John Hooper recounts how shooting has helped form a solid bond spanning four generations of his family
A few years ago, I lost my father to cancer. He had spent his life serving others, first as a police officer and then later on as an Arkansas Game and Fish Warden. He had lost an eye at the age of six, and this prevented him from pursuing his dream of serving in the US military.
He actually managed to make it to boot camp in the Army by faking the eye exam, but then his drill sergeant caught him shooting left-handed and figured it out.
He always had a love of shooting, and even though blind in one eye, was an excellent shot, especially with a pistol. Many times, he would humble me by outshooting my long-barreled target pistols with his ‘back-up’ .38 Special snub nose.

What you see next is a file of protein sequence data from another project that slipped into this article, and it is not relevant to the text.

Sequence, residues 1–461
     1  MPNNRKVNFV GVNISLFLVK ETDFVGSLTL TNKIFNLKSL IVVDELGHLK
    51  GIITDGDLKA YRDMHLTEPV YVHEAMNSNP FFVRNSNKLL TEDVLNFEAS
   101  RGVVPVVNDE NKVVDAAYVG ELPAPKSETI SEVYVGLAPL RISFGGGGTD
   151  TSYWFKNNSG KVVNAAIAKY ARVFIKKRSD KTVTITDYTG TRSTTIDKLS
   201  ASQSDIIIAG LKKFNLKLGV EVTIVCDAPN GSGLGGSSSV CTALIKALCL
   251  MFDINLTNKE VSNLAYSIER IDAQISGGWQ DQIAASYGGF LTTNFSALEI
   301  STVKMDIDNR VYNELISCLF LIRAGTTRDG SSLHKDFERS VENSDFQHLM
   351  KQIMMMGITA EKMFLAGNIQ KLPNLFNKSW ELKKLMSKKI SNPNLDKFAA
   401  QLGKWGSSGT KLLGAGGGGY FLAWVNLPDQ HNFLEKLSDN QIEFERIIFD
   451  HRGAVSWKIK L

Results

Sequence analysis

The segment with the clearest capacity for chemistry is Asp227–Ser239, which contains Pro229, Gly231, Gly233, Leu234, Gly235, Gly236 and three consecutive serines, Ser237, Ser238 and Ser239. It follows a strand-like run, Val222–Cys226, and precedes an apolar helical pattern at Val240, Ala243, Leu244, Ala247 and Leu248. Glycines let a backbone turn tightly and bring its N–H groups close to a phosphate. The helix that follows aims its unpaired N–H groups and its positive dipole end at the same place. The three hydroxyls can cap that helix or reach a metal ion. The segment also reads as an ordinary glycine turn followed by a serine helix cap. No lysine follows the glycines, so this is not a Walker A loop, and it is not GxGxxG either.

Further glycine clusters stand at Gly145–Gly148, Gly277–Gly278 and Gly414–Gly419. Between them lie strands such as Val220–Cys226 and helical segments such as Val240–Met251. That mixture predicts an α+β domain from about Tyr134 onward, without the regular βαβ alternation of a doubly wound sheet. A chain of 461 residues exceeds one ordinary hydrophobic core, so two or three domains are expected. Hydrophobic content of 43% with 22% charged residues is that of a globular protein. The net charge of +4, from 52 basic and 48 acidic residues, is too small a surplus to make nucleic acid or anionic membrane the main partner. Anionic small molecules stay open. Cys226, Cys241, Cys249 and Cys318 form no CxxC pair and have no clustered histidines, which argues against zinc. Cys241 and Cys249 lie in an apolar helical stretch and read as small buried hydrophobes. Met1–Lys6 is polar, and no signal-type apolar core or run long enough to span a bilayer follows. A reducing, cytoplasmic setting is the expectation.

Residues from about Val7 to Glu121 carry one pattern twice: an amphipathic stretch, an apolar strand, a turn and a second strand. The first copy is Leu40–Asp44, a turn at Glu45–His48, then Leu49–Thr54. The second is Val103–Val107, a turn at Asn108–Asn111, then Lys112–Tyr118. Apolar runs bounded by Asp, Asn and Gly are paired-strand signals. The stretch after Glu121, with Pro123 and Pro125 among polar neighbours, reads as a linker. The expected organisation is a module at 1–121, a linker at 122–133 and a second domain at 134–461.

When he passed away, my brother and I sat down to divide up his small collection of various firearms and knives. He had also left us all of his lawn and garden equipment that neither of us wanted or needed. We decided to sell all the non-keepsake items and do something that would have made our Dad happy.
In his later years, what made Dad the happiest was to have both his boys come home together and go target shooting. This didn’t happen a lot since we were about a thousand miles apart, but we got together when we could. Lots of bantering and challenges were thrown around on those occasions, and you could tell that Dad was enjoying every minute of it.
My brother and I had really gotten involved in air rifle shooting, so we decided on a plan that we thought Dad would have thoroughly enjoyed. With the equipment sale proceeds, we ordered matching Crosman 2240s from the Crosman Custom Shop.